Here's What Almost Destroyed Terry Crews' Marriage

Terry Crews and wife Rebecca King-Crews are rewriting the memoir rulebook by releasing a joint venture that bravely tackles their ups and downs. Entitled "Stronger Together," it takes a look back at their 32 year long marriage, with the "Brooklyn Nine-Nine" actor explaining during an appearance on "Jimmy Kimmel Live!," "When both of us tell the story at the same time, it's like watching it in 3-D because there's two different perspectives" (via YouTube). 

Crews — who has been through his fair share of struggles — got very candid about the process. On their vision for the joint memoir, Crews opined, "We got to let people know what this is like, that you are stronger together. That you are better off, if you can make it work, try." Although the process was cathartic for both parties, writing their story together also brought up some difficult memories. However, it's also given the actor an opportunity to share his struggles with fans at home and, in particular, Crews is revealing how close he came to ruining everything. 

Terry Crews' struggle with addiction strained his relationship

As People noted, Terry Crews is opening up about the personal crisis that almost led his wife of more than three decades, Rebecca King-Crews, to divorce him. The former football player revealed that he had an addiction to pornography, which is something the couple discusses at length in "Stronger Together." They decided to open up about this particular issue because, as King-Crews explained, "We discovered there was a whole industry around this problem because porn has become the new drug." Crews agreed, acknowledging how fame enabled his addiction because it's such an acceptable thing in Hollywood, an industry that "doesn't care if you lose your family" because "it happens every day."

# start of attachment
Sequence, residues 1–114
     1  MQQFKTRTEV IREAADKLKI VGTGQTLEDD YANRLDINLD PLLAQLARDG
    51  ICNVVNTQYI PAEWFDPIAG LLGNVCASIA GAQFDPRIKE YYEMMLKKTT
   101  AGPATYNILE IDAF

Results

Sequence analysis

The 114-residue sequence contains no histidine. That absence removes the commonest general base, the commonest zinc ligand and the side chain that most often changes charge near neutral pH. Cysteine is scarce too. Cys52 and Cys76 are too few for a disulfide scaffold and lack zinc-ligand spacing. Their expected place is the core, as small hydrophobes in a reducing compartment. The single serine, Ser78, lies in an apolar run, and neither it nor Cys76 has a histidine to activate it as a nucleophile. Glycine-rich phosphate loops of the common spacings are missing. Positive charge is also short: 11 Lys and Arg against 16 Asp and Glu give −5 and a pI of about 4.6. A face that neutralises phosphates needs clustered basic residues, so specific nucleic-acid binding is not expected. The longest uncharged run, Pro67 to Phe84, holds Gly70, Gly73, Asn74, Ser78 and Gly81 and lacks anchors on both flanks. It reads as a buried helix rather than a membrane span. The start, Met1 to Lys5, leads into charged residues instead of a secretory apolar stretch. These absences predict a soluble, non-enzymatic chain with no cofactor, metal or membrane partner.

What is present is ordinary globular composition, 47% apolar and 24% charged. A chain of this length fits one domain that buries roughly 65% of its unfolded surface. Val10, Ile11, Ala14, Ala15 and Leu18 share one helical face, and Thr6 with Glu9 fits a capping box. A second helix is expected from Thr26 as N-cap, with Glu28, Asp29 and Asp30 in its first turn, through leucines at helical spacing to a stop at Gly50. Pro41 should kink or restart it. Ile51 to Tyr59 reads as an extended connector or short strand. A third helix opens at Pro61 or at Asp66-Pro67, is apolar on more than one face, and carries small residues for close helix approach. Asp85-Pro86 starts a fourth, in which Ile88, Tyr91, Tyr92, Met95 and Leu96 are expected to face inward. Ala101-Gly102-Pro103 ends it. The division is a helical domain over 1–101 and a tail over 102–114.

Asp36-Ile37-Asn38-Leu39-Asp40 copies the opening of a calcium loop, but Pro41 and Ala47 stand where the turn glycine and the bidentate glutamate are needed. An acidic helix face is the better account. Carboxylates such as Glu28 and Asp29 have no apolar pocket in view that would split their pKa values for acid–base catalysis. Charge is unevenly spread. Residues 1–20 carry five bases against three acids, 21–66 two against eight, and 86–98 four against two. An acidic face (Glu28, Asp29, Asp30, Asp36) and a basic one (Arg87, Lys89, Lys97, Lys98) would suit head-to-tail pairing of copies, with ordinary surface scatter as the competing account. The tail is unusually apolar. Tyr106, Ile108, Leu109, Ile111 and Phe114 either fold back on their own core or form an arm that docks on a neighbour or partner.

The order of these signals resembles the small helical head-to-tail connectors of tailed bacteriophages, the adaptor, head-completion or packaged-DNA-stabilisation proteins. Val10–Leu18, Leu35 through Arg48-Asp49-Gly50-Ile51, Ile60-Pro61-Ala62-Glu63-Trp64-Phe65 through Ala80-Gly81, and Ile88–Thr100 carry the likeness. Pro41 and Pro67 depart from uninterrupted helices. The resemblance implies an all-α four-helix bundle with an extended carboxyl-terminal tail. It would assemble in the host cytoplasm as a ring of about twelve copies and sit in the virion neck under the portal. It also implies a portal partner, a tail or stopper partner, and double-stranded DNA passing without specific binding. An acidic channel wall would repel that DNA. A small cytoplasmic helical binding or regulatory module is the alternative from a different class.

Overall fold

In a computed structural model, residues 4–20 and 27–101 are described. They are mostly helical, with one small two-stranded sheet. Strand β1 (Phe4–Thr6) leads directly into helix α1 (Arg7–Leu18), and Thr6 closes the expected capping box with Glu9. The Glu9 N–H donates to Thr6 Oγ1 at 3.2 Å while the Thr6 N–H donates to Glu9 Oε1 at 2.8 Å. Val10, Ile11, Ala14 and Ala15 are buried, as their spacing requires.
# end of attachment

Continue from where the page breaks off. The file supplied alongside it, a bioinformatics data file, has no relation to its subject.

The idea to do a joint memoir originated at a conference, during which the question of how their marriage has survived so long inevitably came up. King-Crews realized if they wrote something together, there would be a wider scope to help husbands and wives equally. However, it took her a while to feel comfortable enough to open up about their toughest moments, admitting, "I'm not one to talk about my struggles while I'm in them ... But I will talk about it when I come to the other side," (via the Daily Mail). The duo hopes to give others the strength to confront their own demons, with the "America's Got Talent" host advising, "I know I can't be alone. I can't be the only guy who went through this."

If you or anyone you know is struggling with addiction issues, help is available. Visit the Substance Abuse and Mental Health Services Administration website or contact SAMHSA's National Helpline at 1-800-662-HELP (4357).